0515-13 New York Times Crosswords Answers 15 May 13, Wednesday

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Solution to today’s crossword in the New York Times
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CROSSWORD SETTER: David Sullivan
THEME: Sounds Opposite … today’s themed answers are two-word phrases, with one word sounding like a word meaning the opposite of the other:

17A. Good stretch for the Dow : STRONG WEEK (from “strong & weak”)
23A. Extra after a movie’s credits, perhaps : HIDDEN SCENE (from “hidden & seen”)
50A. Midas service : BRAKE REPAIR (from “break & repair”)
59A. Cry accompanying the arrival of visitors : THEY’RE HERE! (from “there & here”)

BILL BUTLER’S COMPLETION TIME: 13m 47s
ANSWERS I MISSED: 0

Today’s Wiki-est, Amazonian Googlies
Across

1. 1983 Tony-winning musical : CATS
Andrew Lloyd Webber’s source material for his hit musical “Cats” was T. S. Eliot’s “Old Possum’s Book of Practical Cats”. Eliot’s collection of whimsical poems was published in 1939, and was a personal favorite of Webber as he was growing up. “Cats” is the second longest running show in Broadway history (“Phantom of the Opera” is the longest and is still running; deservedly so in my humble opinion). my wife and I have seen “Cats” a couple of times and really enjoyed it …

10. Soap brand that contains pumice : LAVA
Lava is a brand of soap that was introduced as a heavy-duty cleanser in 1983. Unlike like soaps that are marketed using a “soft” image, Lava touts the inclusion of ground pumice that is intended to abrade grime off the skin. Pumice is found in certain types of lava ejected from a volcano, hence the name of the soap.

14. One on a one-dollar bill : UNUM
From 1776, “E pluribus unum” was the unofficial motto of the United States. “E pluribus unum” is Latin for “Out of many, one”. It was pushed aside in 1956 when an Act of Congress designated “In God We Trust” as the country’s official motto.

16. Site of the first human sin : EDEN
According to the Book of Genesis, Adam and Eve lived in a garden “in” Eden, with Eden being geographically located by reference to four rivers including the Tigris and the Euphrates. Some scholars hypothesize that Eden was located in Mesopotamia, which encompasses much of modern-day Iraq.

17. Good stretch for the Dow : STRONG WEEK (from “strong & weak”)
Dow Jones & Company was founded as a publishing house in 1882 by three newspaper reporters, Charles Dow, Edward Jones and Charles Bergstresser. Today, the company’s most famous publication has to be “The Wall Street Journal”. In 1884, Charles Dow started reporting the average dollar value of the stock of eleven companies, an index which spawned a whole host of metrics that carry the Dow Jones name to this day, including the renowned Dow Jones Industrials.

19. Microsoft Word menu pick : FONT
Microsoft Word was introduced in 1981 as Multi-Tool Word for Xenix (Xenix is a discontinued version of the Unix operating system). I used to be a power user of Word, but now use Google Documents for 99% of my word processing needs.

20. Mottled bean : PINTO
Pinto beans are so-called because their skins have a mottled (“pinto”) appearance.

30. “Every kiss begins …” jeweler : KAY
Kay Jewelers is perhaps the most famous store brand owned by Sterling Jewelers. Sterling is the largest fine jewelry chain in the country, with the company’s main competitor being Zale Corporation.

32. Fritz’s “Forget it!” : NEIN!
“Nein” is the German for “no”.

38. Oxy 5 target : ZIT
The slang term “zit”, meaning “pimple”, came into the language in 1966, but no one seems to know its exact derivation.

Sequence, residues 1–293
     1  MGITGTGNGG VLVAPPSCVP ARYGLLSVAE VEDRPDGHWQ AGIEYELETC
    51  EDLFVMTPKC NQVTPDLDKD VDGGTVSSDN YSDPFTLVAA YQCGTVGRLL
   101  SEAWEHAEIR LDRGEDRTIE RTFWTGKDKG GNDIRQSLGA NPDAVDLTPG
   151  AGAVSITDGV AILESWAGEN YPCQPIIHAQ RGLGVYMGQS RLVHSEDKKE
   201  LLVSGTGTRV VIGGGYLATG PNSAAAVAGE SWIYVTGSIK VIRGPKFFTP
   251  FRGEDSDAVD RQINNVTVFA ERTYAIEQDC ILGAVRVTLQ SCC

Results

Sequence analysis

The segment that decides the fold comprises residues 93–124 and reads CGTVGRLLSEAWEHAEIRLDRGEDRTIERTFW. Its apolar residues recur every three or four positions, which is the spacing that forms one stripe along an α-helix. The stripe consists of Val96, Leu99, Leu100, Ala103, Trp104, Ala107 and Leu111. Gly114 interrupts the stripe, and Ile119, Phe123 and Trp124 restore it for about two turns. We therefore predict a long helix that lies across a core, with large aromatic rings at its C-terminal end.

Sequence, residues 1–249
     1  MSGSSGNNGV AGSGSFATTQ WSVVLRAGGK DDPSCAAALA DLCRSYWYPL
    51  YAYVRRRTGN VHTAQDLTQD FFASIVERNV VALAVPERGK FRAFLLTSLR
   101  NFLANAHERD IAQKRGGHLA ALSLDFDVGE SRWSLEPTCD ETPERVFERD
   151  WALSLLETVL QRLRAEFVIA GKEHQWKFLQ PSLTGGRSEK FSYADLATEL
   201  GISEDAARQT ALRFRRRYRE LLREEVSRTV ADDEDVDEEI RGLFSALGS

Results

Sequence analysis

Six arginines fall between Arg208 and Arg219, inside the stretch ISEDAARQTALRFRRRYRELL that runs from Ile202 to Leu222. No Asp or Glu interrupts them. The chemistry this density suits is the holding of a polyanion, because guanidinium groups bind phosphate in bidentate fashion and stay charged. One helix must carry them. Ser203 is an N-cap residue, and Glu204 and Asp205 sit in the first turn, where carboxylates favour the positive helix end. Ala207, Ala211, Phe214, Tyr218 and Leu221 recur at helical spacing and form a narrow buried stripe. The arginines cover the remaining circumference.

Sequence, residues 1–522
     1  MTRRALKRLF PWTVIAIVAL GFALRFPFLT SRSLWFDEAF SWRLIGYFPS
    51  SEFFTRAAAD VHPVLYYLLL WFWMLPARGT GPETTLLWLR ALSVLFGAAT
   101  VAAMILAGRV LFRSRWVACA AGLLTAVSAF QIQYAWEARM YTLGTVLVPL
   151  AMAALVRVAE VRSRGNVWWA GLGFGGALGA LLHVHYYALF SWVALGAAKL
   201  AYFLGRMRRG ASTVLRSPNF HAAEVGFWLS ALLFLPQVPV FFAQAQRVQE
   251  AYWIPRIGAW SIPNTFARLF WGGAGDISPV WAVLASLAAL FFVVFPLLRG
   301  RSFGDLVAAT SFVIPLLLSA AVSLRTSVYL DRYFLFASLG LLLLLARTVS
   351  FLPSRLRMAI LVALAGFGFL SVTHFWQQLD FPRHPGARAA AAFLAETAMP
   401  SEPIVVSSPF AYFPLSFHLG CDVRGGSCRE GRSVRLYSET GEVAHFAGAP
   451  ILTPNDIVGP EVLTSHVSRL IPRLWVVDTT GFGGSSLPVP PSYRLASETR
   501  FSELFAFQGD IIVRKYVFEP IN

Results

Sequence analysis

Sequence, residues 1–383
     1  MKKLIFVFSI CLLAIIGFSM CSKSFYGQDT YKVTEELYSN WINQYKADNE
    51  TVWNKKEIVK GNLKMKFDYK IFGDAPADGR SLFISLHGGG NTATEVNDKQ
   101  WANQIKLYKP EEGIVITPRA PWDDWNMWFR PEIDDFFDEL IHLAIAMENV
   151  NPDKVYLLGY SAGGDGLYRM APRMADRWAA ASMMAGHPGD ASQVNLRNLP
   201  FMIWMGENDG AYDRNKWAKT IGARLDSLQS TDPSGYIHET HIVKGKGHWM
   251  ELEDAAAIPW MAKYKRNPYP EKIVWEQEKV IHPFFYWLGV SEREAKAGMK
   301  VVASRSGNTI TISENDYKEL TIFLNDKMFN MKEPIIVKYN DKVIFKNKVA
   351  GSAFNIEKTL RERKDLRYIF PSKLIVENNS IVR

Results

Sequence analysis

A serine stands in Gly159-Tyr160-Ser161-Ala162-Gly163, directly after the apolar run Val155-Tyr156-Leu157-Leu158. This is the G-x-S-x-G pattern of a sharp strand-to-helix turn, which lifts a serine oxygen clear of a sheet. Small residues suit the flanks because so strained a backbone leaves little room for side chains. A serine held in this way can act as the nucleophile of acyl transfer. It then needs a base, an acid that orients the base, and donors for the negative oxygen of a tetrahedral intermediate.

39. 2006 Jay-Z single : LOST ONE
Jay-Z, as well as being a successful and very rich rap artist, is married to singer Beyonce.

41. ___ Cruces, N.M. : LAS
Las Cruces (Spanish for “the crosses”) is the second largest city in the state of New Mexico, and is the home of New Mexico State University.

42. Its license plates have the motto “Famous Potatoes” : IDAHO
Idaho has the nickname the Gem State, mainly because almost every known type of gemstone has been found there. Idaho is also sometimes called the Potato State as potatoes are such a popular crop in the state.

44. Dog that bit Miss Gulch : TOTO
Toto is Dorothy’s dog in the film “The Wizard of Oz”. Toto was played by a dog called Terry, but Terry’s name was soon changed to Toto in real life, due to the success of the film.

Miss Almira Gulch is the woman who gets bitten by Dorothy’s dog Toto right at the start of “The Wizard of Oz”. In Oz, Miss Gulch manifests herself as the Wicked Witch of the West.

46. Pitcher Dennis in Cooperstown, for short : ECK
Dennis Eckersley is a former baseball pitcher who goes by the nickname “Eck”. Eckersley played for the Oakland Athletics from 1987 to 1995, and the team retired his uniform number (43) in 2005.

50. Midas service : BRAKE REPAIR (from “break & repair”)
The chain of auto service centers called Midas was established in 1956 as the Muffler Installation Dealers’ Associated Service (MIDAS).

53. Ingenue’s quality : NAIVETE
So often in literature, the movies and on stage there is an innocent woman at the the center of the story. Such stock characters came to be known as ingénues, a term derived from the French adjective “ingénu” meaning innocent, virtuous, candid and “ingenuous”.

54. Chris Matthews’s channel : MSNBC
“Hardball with Chris Matthews” is a nightly talk-show about politics, airing on MSNBC. The show’s host, Chris Matthews, is a colorful character. Matthews served with the Peace Corps from 1968 to 1970, in Swaziland in Africa. He has been back to Africa since and found himself hospitalized in 2002, suffering from malaria that he picked up on one of his trips.

63. Target of a narc : METH
“Meth” is a street name used for the drug methamphetamine, also called “crank” and “crystal meth”.

“Narc” is a slang term for a law enforcement officer who tracks down criminals associated illegal drugs.

64. Hawaiian veranda : LANAI
Named after the Hawaiian island, a lanai is a type of veranda.

65. Home of Qom : IRAN
Qom (also Q’um) is a city in Iran located about 100 miles southwest of Tehran. Qom is a holy city in the Shi’a Islam tradition, and a pilgrimage destination.

66. Gas brand in Canada : ESSO